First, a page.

NBA

Basketball player Kobe Bryant holds a basketball at waist level while preparing to shoot a free throw.
Kobe Bryant, along with his 13-year-old daughter Gianna “Gigi” Bryant and seven others, died in a helicopter crash on Jan. 26, 2020 (photo via Nu Origins)

While basketball fans rejoice at the start of the 2020-21 playoffs, I am eerily reminded that it will mark the culmination of the first full NBA season since the untimely death of one of the league’s greatest stars—Kobe Bryant. On the foggy morning of January 26, 2020 in Calabasas, California, a tragic helicopter crash claimed the lives of Bryant, along with his 13-year-old daughter Gianna “Gigi” Bryant, and seven others. The stunning news consumed the sporting world and left many people reeling for solace, mourning in disbelief. Many fans like me, who grew up watching Kobe, still experience trouble accepting his sudden ascension.

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A basketball sits on a basketball court while players warm up in the background.
When sleep is viewed as a performance-enhancing strategy, the work of being an athlete never stops. Recovery becomes a sphere of performance in which athletes are closely monitored and expected to excel. (photo via Sports Illustrated)

Issues related to athlete welfare are impossible to ignore as the National Basketball Association (NBA) leaves the “bubble” behind and begins the 2020-21 regular season on December 22. As play resumes, sleep and athlete recovery will be a major area of media attention and discussion within the league.

It is no secret that NBA players are routinely exposed to poor sleep, jetlag, and overtraining. Teams play 82 games in a 6-month period and travel an average of 40,000 miles a season. Commissioner Adam Silver called rest a “significant issue,” and Michelle Roberts, Executive Director of the NBA Players Association, predicts that sleep will be an issue in future collective bargaining. Just last week, the NBA updated its rest policy, specifying that teams may face fines of $100,000 if they decide to sit out healthy players in nationally-televised games.

Given this context, promoting sleep may seem like an easy way to safeguard players’ wellbeing. But the rise of a “sleep-friendly” NBA shows that fostering athlete welfare is more complex than it may first appear.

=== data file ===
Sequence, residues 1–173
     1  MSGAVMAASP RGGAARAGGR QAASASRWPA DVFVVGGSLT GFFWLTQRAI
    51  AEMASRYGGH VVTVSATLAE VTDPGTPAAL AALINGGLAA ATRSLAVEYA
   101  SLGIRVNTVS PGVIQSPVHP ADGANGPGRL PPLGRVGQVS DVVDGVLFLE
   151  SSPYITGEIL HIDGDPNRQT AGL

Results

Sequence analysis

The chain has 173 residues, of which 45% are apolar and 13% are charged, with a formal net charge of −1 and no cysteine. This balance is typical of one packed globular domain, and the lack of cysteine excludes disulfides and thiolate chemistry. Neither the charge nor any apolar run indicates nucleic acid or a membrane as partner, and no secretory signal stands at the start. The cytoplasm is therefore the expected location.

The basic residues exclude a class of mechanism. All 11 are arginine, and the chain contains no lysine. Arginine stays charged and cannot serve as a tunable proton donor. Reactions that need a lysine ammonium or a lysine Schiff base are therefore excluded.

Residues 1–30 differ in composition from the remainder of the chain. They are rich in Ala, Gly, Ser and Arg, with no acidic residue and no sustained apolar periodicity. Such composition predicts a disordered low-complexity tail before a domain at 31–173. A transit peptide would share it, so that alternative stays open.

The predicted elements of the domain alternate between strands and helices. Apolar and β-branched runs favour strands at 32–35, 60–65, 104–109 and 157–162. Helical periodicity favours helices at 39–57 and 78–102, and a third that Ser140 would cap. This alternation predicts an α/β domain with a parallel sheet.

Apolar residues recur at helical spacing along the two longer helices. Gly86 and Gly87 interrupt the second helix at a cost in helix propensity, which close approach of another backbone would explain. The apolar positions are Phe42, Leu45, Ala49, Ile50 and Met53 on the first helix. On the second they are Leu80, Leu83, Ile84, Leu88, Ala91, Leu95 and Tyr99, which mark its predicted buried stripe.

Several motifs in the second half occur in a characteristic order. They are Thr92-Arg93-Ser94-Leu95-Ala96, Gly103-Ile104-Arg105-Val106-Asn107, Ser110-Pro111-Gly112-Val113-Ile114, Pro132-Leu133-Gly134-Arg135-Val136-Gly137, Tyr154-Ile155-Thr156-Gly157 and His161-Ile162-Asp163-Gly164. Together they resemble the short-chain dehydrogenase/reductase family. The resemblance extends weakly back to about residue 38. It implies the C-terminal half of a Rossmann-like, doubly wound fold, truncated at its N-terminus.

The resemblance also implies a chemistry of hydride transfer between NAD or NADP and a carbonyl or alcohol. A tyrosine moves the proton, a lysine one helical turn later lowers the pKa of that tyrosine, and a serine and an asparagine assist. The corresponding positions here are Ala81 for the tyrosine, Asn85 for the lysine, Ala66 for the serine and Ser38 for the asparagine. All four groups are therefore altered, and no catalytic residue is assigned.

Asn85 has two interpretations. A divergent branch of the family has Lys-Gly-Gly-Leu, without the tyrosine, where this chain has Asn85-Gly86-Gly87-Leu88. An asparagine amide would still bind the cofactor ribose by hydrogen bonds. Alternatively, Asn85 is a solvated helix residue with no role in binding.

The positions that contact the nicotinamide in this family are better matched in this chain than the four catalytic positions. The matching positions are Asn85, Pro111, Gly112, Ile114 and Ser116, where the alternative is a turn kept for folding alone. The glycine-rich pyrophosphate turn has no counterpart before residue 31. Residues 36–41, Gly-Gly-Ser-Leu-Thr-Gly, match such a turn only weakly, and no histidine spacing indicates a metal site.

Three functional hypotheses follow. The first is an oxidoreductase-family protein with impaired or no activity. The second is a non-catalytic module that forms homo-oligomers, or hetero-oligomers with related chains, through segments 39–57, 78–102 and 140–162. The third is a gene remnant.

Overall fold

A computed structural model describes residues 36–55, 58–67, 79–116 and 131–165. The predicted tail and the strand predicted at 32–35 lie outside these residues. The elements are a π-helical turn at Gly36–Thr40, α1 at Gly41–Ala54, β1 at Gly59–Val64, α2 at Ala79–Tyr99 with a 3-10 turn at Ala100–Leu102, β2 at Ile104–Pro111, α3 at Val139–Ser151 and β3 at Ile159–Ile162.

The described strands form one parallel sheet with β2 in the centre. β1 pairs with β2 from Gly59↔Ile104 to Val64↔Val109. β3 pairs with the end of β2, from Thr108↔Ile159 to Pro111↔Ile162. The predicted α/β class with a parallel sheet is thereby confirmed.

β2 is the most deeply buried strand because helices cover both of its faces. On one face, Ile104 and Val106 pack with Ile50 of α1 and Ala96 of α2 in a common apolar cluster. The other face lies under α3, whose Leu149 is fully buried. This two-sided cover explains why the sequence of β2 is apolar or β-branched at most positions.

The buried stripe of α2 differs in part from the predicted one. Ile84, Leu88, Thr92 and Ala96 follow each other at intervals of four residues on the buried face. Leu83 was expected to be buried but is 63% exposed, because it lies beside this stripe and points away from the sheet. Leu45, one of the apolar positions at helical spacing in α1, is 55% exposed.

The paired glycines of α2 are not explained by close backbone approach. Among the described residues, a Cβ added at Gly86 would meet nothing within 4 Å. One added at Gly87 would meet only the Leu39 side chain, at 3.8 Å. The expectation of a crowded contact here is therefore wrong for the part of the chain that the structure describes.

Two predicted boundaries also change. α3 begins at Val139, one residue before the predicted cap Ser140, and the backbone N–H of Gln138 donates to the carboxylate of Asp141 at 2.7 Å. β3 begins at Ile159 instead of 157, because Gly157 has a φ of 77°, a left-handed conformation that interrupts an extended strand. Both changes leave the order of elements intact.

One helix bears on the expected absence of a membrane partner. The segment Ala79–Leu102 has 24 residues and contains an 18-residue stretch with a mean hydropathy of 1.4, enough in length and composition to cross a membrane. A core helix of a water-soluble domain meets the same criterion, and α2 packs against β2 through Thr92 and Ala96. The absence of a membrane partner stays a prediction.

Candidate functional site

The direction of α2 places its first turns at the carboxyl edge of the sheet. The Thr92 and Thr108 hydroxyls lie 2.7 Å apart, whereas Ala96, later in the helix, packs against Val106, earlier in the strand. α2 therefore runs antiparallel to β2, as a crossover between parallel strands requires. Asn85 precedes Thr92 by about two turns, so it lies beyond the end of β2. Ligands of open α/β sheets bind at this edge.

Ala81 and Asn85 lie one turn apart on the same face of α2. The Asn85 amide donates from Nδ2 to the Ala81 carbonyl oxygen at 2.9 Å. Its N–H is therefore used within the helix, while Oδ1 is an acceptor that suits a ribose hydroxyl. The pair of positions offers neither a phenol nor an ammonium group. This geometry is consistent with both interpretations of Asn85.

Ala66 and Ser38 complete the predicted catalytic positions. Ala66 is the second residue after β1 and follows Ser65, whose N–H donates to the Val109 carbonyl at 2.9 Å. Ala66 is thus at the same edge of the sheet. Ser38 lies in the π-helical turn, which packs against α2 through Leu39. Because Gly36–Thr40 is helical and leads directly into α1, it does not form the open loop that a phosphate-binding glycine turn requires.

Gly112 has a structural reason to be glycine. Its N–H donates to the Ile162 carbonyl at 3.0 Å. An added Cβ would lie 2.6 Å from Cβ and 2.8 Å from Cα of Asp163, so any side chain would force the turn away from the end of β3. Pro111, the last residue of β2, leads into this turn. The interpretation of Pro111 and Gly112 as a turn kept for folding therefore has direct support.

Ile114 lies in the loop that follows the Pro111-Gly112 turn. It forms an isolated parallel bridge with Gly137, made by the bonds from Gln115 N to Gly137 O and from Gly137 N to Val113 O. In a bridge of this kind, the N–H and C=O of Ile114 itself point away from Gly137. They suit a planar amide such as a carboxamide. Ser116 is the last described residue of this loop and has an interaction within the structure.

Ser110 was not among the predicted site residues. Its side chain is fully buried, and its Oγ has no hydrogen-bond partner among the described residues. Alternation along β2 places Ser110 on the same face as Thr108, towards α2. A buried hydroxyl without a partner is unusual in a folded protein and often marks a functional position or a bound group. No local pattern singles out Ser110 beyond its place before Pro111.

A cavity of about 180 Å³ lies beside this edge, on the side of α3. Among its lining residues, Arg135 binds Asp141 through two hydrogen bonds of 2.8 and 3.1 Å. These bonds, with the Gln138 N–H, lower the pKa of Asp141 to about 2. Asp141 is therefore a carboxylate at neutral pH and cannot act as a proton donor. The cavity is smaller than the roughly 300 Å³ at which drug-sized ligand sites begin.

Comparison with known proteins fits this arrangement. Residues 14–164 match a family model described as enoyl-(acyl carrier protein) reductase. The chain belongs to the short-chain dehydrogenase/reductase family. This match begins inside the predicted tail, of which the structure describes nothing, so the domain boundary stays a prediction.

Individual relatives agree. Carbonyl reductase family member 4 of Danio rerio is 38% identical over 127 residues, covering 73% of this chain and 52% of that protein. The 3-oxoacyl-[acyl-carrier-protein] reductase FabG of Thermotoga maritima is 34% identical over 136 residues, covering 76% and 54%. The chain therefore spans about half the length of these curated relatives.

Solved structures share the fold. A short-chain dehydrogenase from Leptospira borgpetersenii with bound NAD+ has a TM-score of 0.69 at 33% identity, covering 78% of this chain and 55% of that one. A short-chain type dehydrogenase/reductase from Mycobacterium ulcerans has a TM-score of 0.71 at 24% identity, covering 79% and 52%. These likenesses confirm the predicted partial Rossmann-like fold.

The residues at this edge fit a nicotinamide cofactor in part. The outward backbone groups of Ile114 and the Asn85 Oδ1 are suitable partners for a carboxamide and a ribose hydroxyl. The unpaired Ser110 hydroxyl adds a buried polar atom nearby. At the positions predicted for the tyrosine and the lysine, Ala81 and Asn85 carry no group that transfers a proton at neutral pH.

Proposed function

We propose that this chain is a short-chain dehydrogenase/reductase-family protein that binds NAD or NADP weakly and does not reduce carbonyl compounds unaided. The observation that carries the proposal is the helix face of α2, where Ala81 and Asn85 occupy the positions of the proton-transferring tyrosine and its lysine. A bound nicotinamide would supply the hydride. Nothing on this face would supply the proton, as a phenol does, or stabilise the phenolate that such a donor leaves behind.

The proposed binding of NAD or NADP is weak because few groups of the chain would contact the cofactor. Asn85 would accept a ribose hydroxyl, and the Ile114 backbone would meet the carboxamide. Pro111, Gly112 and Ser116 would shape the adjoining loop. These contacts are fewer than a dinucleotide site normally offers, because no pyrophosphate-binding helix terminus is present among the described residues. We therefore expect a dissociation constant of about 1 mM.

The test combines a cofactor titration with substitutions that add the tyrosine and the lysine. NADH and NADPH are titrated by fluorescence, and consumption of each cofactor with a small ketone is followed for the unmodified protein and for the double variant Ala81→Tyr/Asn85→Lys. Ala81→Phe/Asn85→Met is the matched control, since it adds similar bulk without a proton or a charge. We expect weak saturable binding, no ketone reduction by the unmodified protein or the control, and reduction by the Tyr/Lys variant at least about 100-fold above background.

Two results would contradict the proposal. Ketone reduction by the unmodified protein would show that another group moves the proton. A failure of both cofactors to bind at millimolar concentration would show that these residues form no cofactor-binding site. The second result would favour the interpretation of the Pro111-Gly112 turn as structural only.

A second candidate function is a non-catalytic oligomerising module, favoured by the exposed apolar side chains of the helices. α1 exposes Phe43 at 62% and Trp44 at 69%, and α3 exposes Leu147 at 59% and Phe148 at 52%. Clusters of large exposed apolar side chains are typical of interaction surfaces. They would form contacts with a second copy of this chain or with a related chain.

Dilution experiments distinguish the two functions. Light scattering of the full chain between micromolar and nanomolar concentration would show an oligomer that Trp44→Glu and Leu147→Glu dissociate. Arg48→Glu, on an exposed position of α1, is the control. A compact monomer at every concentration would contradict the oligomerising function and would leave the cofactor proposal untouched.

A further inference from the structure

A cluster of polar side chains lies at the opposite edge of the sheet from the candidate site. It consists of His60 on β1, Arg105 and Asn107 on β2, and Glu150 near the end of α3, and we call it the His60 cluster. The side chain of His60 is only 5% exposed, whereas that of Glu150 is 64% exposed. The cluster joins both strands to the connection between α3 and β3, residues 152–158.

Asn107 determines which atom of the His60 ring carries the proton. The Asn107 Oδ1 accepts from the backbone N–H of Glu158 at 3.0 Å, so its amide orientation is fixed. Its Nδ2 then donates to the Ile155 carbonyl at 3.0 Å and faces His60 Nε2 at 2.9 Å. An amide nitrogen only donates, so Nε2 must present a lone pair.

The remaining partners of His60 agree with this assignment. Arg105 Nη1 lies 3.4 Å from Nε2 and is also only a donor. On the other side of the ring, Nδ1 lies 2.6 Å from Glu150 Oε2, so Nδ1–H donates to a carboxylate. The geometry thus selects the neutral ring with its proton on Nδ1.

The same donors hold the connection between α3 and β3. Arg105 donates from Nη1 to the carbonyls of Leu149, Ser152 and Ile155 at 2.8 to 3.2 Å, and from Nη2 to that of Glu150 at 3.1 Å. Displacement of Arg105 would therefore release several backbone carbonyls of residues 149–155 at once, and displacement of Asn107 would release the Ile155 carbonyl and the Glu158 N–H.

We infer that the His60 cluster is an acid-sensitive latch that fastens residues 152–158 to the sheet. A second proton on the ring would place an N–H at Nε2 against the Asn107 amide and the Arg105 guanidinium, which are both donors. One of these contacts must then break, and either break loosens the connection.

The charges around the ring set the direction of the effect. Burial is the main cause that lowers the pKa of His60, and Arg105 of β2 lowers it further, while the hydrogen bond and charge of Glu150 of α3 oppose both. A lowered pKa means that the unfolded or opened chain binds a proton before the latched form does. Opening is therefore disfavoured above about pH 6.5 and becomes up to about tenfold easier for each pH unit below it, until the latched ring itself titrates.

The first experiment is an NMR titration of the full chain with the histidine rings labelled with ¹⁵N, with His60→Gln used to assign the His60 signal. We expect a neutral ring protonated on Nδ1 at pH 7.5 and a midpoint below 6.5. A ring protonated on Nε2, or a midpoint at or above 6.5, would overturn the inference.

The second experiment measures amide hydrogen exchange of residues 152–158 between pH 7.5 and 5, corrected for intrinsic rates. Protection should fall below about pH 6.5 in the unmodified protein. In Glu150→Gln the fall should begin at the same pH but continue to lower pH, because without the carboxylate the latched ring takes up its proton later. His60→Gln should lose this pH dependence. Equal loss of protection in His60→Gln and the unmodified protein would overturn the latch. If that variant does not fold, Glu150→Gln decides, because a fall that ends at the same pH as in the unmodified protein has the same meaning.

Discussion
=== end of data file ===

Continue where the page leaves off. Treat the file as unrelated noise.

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A group of women and men, members of the Washington Mystics, stand on a basketball court wearing white t-shirts that spell out the name Jacob Blake
Members of the WNBA’s Washington Mystics protest the police shooting of Jacob Blake, a Black man shot in the back seven times by an officer in Kenosha, WI. (photo from CNN)

Sport sociologists like Harry Edwards have long fought against the notion that sports and politics can be kept separate, battling back against assaults by people like Fox News’ Laura Ingraham, who in February 2018 told NBA star LeBron James to “shut up and dribble.” In the midst of the NBA and WNBA finals, and at a time of intense political polarization, basketball fans ought to be aware of the stakes that exist for Black athletes and listen to their voices. How else can you as a fan ethically focus on the games if many of your favorite players say that they themselves cannot? In this brief essay, we offer some considerations for basketball fans today, building upon the work of many sports sociologists who have come before us.

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NBA Player Delonte West
Former NBA player Delonte West’s mental health was a prominent topic in media coverage of his career (photo via Slam).

Professional athletes in the United States and Canada are increasingly discussing their personal struggles with mental health on commercial media outlets. Notably, National Basketball Association (NBA) star Kevin Love has received praise for his “courageous fight” to combat the stigmatization of mental illness in sports. In a March 2018 essay for The Players’ Tribune, Love detailed his bouts with panic attacks during the NBA season, writing, “Mental health isn’t just an athlete thing. What you do for a living doesn’t have to define who you are. This is an everyone thing.” As a successful athlete, Love has accrued lucrative endorsement deals with Banana Republic and the Built with Chocolate Milk campaign. Following the public stories of other NBA players like Channing Frye and DeMar DeRozan, national media outlets framed Love’s essay as a “courageous decision to speak candidly on mental health.”

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Kevin Durant faced criticism for his lack of “loyalty” when he decided to leave the Oklahoma City Thunder and join the Golden State Warriors prior to the 2016-17 NBA season. (Photo from NBA.com)

All that is solid melts into air, all that is holy is profaned, and man is at last compelled to face with sober senses his real conditions of life, and his relations with his kind.
– Karl Marx, The Manifesto of the Communist Party

Last year, Reggie Miller criticized Kevin Durant’s decision to join the Golden State Warriors in order to win a championship. While many others made similar critiques, I find that Miller reveals a broader issue in professional sports. Miller expresses this point through the article’s title, “Kevin Durant Traded a Sacred Legacy for Cheap Jewelry.” Framing his critique through the sacred (legacy) and the profane (cheap jewelry) reveals what I see as two inter-twined, mutually-dependent yet contradictory elements that structure professional sports.

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